Innovation and the private sector

Kirsty Tuxford

The Mediterranean basin is an arid region where climate change threatens the future reliability of rainfall. Countries need to innovate, not just with engineering solutions like desalination, but financially, finding novel ways to pay for such systems.

Countries bordering the Mediterranean are in the forefront of the search for sustainable solutions for better water management.

Not only are many of these countries threatened by climatic that are likely to reduce their seasonal water flows, but they are also bearing the brunt of the economic slowdown, which restricts their financing options. These pressures mean that there is an urgent need to innovate as never before, both in the adoption of new technologies and in the financial and commercial management of water.

Cyprus is just one among several Mediterranean states that faces steep rises in consumer prices for its water in 2011. To overcome its perennial water supply problems, the island increasingly depends on expensive desalination plants to meet demand. The latest plant at Larnaca, for example, cost almost €34 million to build, an investment that is not being fully recovered by the existing tariff regime. Drastic measures will have to be applied, and the government has been considering either imposing a higher flat rate charge for drinking water or varying the pricing by district, although agricultural water may still be subsidised. Whatever policies are adopted, households are likely to face increases in their bills amounting to more than 200 percent over the next four years.

The Mediterranean climate suffers long months of drought and very short periods of often-stormy rain that can cause devastating floods, the main flow of which cannot be stored. “The effects of global warming will increase these trends,” comments Walter Mazzitti, president of the Euro-Mediterranean Water Information System (EMWIS). “The models predict a 25 percent reduction of summer rainfalls in the Mediterranean basin. In addition, freshwater is very irregularly distributed on the territory and prone to great inter-annual fluctuations.”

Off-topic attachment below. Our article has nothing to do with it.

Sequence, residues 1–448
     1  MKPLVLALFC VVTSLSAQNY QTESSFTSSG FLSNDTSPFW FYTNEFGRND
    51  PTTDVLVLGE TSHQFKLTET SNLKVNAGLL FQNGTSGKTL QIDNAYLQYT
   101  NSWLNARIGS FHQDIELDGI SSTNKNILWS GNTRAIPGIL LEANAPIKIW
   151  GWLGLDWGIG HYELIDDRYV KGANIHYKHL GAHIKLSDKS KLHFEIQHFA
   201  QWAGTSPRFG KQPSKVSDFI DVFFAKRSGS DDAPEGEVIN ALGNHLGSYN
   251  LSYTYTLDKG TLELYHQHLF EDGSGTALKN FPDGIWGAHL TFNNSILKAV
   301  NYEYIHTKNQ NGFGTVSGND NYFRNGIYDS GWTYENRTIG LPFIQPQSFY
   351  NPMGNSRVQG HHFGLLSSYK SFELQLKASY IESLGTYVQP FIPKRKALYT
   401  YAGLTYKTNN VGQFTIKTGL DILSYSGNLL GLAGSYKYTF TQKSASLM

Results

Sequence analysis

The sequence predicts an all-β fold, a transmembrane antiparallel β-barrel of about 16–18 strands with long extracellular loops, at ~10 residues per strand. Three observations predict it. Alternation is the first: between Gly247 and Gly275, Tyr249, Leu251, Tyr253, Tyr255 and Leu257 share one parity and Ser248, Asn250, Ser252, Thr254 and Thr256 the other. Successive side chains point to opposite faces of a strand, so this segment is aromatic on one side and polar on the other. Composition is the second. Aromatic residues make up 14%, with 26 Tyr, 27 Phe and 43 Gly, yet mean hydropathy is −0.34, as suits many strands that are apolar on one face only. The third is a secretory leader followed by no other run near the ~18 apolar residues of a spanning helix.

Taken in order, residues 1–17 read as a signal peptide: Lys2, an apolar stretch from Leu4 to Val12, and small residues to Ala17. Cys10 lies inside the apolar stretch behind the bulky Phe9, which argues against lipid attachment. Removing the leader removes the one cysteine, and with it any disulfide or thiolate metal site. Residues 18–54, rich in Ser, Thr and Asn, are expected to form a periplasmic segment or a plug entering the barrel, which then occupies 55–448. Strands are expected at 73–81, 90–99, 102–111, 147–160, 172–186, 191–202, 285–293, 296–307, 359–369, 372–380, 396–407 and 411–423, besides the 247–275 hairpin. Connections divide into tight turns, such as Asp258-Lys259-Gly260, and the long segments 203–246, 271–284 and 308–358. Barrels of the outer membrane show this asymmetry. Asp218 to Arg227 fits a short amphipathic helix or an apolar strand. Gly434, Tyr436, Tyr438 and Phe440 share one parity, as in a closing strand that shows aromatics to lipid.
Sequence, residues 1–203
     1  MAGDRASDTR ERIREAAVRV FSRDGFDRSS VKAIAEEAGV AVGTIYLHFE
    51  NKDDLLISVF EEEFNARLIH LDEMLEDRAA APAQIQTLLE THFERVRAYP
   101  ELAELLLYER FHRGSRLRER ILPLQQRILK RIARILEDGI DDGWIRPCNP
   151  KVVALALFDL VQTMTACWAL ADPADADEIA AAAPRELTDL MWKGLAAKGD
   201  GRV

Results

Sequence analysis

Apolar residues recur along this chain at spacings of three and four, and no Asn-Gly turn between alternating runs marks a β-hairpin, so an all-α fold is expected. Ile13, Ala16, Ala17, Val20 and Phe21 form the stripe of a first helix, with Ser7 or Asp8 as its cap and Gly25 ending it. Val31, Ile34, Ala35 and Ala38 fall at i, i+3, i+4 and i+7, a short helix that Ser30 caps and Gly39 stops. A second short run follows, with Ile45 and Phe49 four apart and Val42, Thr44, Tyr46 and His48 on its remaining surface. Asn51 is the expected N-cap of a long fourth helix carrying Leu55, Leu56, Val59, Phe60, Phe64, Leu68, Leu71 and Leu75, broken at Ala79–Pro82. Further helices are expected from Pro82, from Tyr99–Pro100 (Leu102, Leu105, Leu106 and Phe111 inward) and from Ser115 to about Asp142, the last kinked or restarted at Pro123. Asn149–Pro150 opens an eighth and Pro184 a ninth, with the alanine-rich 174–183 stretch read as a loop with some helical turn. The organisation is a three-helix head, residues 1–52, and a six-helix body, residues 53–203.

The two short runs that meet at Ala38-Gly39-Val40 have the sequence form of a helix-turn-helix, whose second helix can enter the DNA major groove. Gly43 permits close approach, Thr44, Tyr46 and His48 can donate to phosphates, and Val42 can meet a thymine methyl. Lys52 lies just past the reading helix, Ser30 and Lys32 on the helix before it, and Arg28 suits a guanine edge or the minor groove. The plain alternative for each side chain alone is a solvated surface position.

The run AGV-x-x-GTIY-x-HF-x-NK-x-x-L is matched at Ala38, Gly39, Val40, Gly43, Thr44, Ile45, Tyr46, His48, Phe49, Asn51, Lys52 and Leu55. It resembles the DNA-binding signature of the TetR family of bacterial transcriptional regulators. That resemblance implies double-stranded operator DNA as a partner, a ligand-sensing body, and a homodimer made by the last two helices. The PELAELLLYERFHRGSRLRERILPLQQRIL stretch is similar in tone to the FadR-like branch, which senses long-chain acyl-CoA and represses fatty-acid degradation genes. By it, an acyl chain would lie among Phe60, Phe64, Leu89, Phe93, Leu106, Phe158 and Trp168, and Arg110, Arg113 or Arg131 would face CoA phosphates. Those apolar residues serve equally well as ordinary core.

To keep the rising demand for water under control, countries will have to implement measures such as water savings campaigns, greater efficiency in irrigation and a reduction in leakages in their supply networks. And to secure supplies, more and more countries are building desalination plants and reusing treated wastewater although Mazzitti warns: “The environmental impact of the desalination plants must be studied in detail, in particular the cumulative impact on the Mediterranean Sea.”

The Global Water Partnership (GWP) reports that most governments are sharply reducing their recurrent subsidies for water, which means that new financing mechanisms must be found to pay for the increasing number of desalination plants. Alan Hall, senior advisor to GWP, says: “With the credit crisis, most countries have debt problems and therefore raising more debt is not so easy. What tends to happen is that if the government is subsidising the service, then it doesn’t have the funds to provide the capital investment. So sometimes the government can subsidise the operation and maintenance cost, but it certainly can’t subsidise the investment costs.”

Professor Michael Scoullos, the GWP’s chairman for the Mediterranean makes the point that private sector involvement can bring financing and management expertise that might not exist in the public sector. Different models of public-private partnership (PPP) include contracts that either grant ownership of a desalination or wastewater plant to the private sector with the government purchasing the water, or alternatively assign the plant to the public sector, with the private sector managing the day-to-day operations.